City Hall

Dallas Leaders Unite to Spar With Legislature Over Police Pension Fix

Dallas Mayor Mike Rawlings
Mike Rawlings' Periscope
Dallas Mayor Mike Rawlings
Dallas officials were united Monday. Not about what to do about the city's woebegone police and fire pension system. There's still plenty of arguing to do about what to do with the $3.6 billion unfunded liability that could threaten the fund's liquidity in less than a decade.

No, Dallas Mayor Mike Rawlings, Dallas City Council members Lee Kleinman and Scott Griggs and former Dallas Mayor Tom Leppert joined together Monday to criticize the amended version of a statehouse bill to fix the pension problem.

The city officials lambasted Texas State Representative Dan Flynn's House Bill 3158 for taking too much control of the pension fund away from the city and unfairly burdening Dallas residents. “The citizens, the taxpayers, had nothing to do with the failure of this fund,” Rawlings said during testimony in front of the Texas House Pension Committee.

As amended by the committee, Flynn's bill would take control of the Dallas Police and Fire Pension System's board out of the hands of the city and hand it to retired police and firefighters. As written by Flynn, the bill would've given city employees a clear majority of spots on the board. The committee version of the bill gives the city five seats, police and firefighters five seats and allocates one seat on the board to be chosen by consent of both groups.

Rawlings said that taking control of the fund away from the city will make it vulnerable to the types of risky investing that have led to the current threats against the DPFP's solvency. According to Rawlings and Leppert, current state law left them without recourse against the actions of former DPFP director Richard Tettament, who involved the fund in real estate investments that have been roundly criticized by both city officials and the current pension board. The board lied to him, Leppert told the committee, and that's why he didn't seek help from the legislature.

Flynn testily told the mayors that they should've sent better watchdogs to sit on the pension's board.

“It was your responsibility to be sure you did have competent people serving in it,” Flynn said.

The mayors also criticized the financial component of Flynn's bill, which would require the city to make escalating payments to help the fund based on proposed new officer hires by the Dallas Police Department, regardless of whether or not the department actually hires the new officers, eventually increasing the city's annual contribution from 27.5 percent of DPFP members' annual salaries to 34.5 percent. Rawlings called the bill a "taxpayer bailout" of the fund. Griggs, who sits on the DPFP board in addition to being on the City Council, called the increasing payments a "Ponzi scheme."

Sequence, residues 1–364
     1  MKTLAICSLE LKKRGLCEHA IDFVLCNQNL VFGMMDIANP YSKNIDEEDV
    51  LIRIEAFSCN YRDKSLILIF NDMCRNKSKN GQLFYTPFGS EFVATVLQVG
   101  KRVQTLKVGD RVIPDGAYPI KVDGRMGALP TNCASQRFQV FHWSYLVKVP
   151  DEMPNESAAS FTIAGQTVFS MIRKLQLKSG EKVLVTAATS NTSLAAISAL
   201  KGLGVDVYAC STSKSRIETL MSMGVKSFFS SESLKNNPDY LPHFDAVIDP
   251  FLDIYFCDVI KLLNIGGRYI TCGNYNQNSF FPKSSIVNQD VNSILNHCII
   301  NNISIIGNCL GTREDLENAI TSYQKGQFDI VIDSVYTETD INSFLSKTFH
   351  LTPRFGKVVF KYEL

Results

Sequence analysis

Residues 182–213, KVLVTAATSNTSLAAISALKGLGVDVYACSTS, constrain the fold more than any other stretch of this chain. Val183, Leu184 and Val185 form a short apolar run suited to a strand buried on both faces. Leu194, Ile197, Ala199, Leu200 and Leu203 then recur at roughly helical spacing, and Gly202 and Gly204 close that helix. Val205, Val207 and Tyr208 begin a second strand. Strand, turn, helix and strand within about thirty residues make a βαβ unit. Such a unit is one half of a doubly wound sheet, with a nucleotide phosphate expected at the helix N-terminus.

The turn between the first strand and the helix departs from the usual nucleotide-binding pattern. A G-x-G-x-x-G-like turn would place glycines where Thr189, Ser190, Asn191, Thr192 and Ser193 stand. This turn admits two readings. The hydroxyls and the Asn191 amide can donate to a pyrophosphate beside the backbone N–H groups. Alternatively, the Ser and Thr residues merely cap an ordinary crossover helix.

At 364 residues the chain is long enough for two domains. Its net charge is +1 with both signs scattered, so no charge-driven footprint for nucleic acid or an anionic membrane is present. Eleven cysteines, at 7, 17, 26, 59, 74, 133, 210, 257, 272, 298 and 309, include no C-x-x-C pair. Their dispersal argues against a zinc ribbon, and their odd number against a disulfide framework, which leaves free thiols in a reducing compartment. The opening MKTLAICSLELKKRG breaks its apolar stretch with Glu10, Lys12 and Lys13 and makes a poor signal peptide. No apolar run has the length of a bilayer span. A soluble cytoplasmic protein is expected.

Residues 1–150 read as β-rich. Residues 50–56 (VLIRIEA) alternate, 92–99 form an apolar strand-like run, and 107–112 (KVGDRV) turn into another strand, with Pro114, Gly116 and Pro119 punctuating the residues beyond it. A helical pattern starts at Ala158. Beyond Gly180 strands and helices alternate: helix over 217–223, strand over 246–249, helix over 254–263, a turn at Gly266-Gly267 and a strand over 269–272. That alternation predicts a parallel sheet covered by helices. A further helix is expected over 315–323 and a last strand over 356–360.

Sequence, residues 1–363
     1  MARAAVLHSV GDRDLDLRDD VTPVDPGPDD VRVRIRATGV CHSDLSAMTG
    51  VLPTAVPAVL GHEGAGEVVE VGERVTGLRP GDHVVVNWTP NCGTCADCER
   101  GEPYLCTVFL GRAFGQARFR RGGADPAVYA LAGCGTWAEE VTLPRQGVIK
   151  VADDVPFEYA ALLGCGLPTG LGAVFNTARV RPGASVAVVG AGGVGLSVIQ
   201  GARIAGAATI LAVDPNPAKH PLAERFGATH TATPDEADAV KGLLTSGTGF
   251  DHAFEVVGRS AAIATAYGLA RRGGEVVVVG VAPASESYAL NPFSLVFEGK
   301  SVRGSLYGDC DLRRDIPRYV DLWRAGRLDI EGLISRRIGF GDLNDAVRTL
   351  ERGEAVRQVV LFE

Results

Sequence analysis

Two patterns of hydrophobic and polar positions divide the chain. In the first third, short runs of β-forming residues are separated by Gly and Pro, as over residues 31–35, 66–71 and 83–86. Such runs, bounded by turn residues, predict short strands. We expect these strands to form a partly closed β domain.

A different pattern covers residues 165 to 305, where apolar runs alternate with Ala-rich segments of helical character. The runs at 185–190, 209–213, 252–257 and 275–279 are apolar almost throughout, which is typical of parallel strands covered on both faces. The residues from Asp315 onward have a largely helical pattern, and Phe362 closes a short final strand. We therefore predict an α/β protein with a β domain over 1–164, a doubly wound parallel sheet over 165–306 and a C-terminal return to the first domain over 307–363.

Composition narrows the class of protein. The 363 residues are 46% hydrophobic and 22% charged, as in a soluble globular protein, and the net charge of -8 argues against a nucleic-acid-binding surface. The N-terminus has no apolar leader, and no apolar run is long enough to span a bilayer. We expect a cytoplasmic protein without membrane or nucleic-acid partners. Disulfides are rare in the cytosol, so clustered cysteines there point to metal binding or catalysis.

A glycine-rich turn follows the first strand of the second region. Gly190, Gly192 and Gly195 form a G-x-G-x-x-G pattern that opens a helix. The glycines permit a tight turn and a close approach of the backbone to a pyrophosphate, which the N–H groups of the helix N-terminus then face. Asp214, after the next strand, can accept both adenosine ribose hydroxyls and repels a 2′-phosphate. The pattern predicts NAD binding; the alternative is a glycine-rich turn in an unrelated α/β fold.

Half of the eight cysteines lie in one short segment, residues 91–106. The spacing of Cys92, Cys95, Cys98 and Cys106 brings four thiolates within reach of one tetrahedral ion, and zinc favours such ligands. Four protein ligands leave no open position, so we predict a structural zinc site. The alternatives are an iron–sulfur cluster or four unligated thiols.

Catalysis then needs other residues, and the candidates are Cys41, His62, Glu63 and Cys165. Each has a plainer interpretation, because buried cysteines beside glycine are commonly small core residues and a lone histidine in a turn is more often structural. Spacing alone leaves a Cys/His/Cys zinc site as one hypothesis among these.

"The escalator is a Ponzi hiring scheme. The committee substitute proposes saving the pension system by paying benefits to its beneficiaries from city contributions paid to an ever increasing number of uniformed officers, whether hired or not hired," Griggs said on Facebook. "This replaces the Tettamant scheme, which created the problem, with a Ponzi hiring scheme as a solution. That's not the answer."

Griggs, along with his board and council colleague Philip Kingston, has proposed that the city shore up the fund by contributing 1/8th of the sales tax currently sent to DART to the pension fund. The city, through Chief Financial Officer Elizabeth Reich, has suggested an alternative retirement plan for police and fire fighters should the fund fail.

Sam Friar, the DPFP board chair, told the committee that the bill isn't perfect, but said that he and the DPFP leadership supports the bill. Dallas' uniformed employee association also expressed support for the bill at a press conference before the committee hearing, despite the bill's plan to convert lump sum deferred retirement option program (DROP) payments to annuities. The DROP program previously allowed police and firefighters of retirement age to officially retire but continue working while watching their pension payments grow at guaranteed interest rates of 8 to 10 percent.

“The guys working today, we’re taking a cut. We know that. I’m willingly taking a cut to my pension to save the overall fund,” Dallas Firefighters Association President Jim McDade said.

At the end of the hourslong hearing Monday afternoon, the committee left the bill pending, meaning it is still several steps away from getting a vote in the Texas House, much less becoming law.